Before I dive into this post I want to make a few things clear:
- I am not referring to freelancers or folks in the service business. Frankly, if you are not bootstrapping (at least in the beginning) you are a moron. Grade A Idiot, as my dad used to say. (Not really, I just wish my dad would use cool lines like that, so I could tweet them and get a god damn show. Seriously, what is this world coming to?)
- I am not being “shocking” or “Dave McClure-ian” by using words like: bullshit, fucking, moron or venture capital.
- I am also not speaking specifically about the choice of taking (or not taking) investment in building a business.
What I am talking about is the fucking bullshit beliefs that seem to permeate the Bootstrapping world.
There is no special badge on Foursquare if you have bootstrapped your startup to success. There is no slight you are afforded because you bootstrapped. Venture capital is not evil. You are not good. You havent “beaten the odds.” You arent better, or worse, than other entrepreneurs.
The concept of bootstrapping is solid. To be clear, a bootstrapped business is one that is completely self-funded either by its founders or by the revenue it generates (usually a mix of both) and the expectation is that the growth of the company is usually slower than if the same business had received investment.
Im assuming that because entrepreneurs that have bootstrapped their businesses believe that have undertaken a Herculean effort, their success is somehow more valuable than the entrepreneur that took investment.
“Its all about the exit.” bootstrappers say. ” I would rather than 100% of a small exit, than 10% of a large exit.”
To that, I say, “cool. But, please shut the fuck up about it.”
I know that bootstrapping is hard. I know that there is even an art to it. Ive bootstrapped a business. I built a company on credit cards and had a successful exit. I get the awesome-ness of bootstrapping.
What I dont get is the attitude that mooching is awesome (Im sorry, I mean “free-sourcing”). I dont understand why exploiting young talent (oops, I meant “outsourcing to less experienced freelancers”) rocks. I am mystified how the concept of micromanaged control (damn, I mean “freedom from a board”) somehow ensures success.
Go be that entrepreneur that finances their own success, drives towards profitability quickly, and focuses on lean startup principles to accelerate your business.
Be proud of your ability to build a business with no outside help. Just dont be That Guy. Because those guys are not bootstrappers, they are dicks.
- Bootstrapped, profitable & proud (marsdd.com)
- The Art of Bootstrapping: Funding Startups the hard Way – Part 1 (wolpers.posterous.com)
- Here’s How I Bootstrapped My Company To 25 Employees In 3 Countries In 4 Years (businessinsider.com)
- Five reasons to consider venture capital (jondale.com)
- Optimize for Happiness (Followup to my Startup School talk) (tom.preston-werner.com)
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There is nothing harder in life–nothing–than becoming one with uncertainty.
Oh, we all say that we can handle some uncertainty in our lives. We talk about how we love to “embrace change,” and that new things are what “excite us.”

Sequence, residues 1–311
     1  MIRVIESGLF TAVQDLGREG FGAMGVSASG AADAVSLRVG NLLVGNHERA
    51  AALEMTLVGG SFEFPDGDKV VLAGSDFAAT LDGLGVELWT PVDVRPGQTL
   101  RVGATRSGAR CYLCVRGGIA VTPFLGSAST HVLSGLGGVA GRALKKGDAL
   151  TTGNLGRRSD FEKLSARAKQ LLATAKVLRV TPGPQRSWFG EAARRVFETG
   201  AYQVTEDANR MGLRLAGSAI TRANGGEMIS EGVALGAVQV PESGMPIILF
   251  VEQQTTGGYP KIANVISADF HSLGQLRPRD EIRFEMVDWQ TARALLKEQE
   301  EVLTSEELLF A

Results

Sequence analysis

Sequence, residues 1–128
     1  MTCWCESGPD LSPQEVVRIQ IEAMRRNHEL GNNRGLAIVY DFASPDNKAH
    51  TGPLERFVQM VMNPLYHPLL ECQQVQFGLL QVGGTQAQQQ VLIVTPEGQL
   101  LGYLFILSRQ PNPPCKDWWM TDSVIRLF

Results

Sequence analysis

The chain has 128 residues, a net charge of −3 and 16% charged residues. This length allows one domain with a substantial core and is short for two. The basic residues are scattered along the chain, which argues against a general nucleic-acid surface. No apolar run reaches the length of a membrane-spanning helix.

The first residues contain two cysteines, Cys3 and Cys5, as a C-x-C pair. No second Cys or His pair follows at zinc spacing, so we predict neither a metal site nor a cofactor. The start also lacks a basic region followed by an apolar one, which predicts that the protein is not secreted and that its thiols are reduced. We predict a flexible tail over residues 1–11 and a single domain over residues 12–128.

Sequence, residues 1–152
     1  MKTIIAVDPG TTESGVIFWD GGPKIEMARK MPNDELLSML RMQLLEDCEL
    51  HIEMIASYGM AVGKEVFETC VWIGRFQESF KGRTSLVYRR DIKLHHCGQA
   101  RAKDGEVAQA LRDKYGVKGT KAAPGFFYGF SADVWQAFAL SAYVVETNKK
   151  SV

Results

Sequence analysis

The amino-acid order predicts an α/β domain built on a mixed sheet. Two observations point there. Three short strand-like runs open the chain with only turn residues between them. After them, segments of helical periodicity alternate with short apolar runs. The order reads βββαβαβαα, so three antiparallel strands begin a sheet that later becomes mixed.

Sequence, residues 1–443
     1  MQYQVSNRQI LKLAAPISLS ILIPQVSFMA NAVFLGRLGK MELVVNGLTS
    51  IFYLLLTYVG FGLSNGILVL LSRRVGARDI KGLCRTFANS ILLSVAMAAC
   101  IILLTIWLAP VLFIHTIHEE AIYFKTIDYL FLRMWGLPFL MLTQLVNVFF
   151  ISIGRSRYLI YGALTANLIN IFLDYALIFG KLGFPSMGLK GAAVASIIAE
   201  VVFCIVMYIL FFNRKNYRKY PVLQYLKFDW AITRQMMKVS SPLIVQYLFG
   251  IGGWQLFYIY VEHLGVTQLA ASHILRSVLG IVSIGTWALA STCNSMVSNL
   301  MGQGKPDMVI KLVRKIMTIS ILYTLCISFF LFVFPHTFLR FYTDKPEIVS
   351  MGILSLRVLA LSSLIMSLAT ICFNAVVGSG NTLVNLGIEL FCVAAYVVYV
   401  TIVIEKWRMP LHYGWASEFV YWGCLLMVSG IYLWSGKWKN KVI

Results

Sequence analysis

But, when really pushed, most people are just not okay with I Don’t Know.
Its easy to say that startups are full of uncertainty. The old joke is “There is a reason they call it VENTURE!” (Yeah, I know, I dont know why thats funny either.)
In the big scheme of things, we all are good at understanding uncertainty exists and that we need to deal with it, but we also believe that the uncertainty will be short lived.
We believe that dealing with a bit of “I dont know” today, will lead to a ton of “that’s right” tomorrow.
But thats not how startups work. Just today I watched a short Fox Business interview with Dennis Crowley. Ive know Dennis for a few years, and in all of our interactions there is a very clear “I know where Im going,” in the way he presents himself and his ideas. But, during this interview he was asked about Facebook‘s entry into the location based services space. During his answer, Dennis commented that he didnt know where the location space was going. “We dont know where this is going, but we know that it has to move past the check-in” (Im writing from memory, so Im guessing that I made at least part of that shit up to make it fit this post. Or maybe not. I dont know).
“I dont know” is inherently part of every single day of a startup regardless of its success. And if you want to work at one then start getting comfortable with “I dont know.”
Recently, we had a similar discussion internally. “How are we going to make money?” I was asked. “I dont know,” I replied. “How are we going to grow?” was another question, “I dont know,” I replied. And question after question came, and to most, my answer was “I dont know.”
“You have to be ok with I dont know.” I told the team.
“You just shouldnt ever be comfortable with ‘never,’ and the biggest value you can provide the company is getting us from ‘never’ to ‘yet,’ and finally to ‘We learned.’”
Success, after all, isnt in knowing everything, its in understanding what matters and acting on it. Its in the movement from never knowing to understanding that drives a company forward.
I spend a lot of time talking to business owners. Sometimes, they have startups. Sometimes, they have large businesses. Public companies, small businesses, venture backed companies. Old companies; tech companies. New companies; manufacturing companies. (Am I becoming the Dr. Suess of Startups? Does Horton hear an IPO?)
Are there similar things that run true to these “entrepreneurs,” or all they all different?
Yesterday, I came across an article on Forbes.com that discussed the concept of “Humpty-Dumpty Entreprenuers.”
Dr. Steven Berglas postulates that a true entrepreneur is neither a workaholic or narcissist.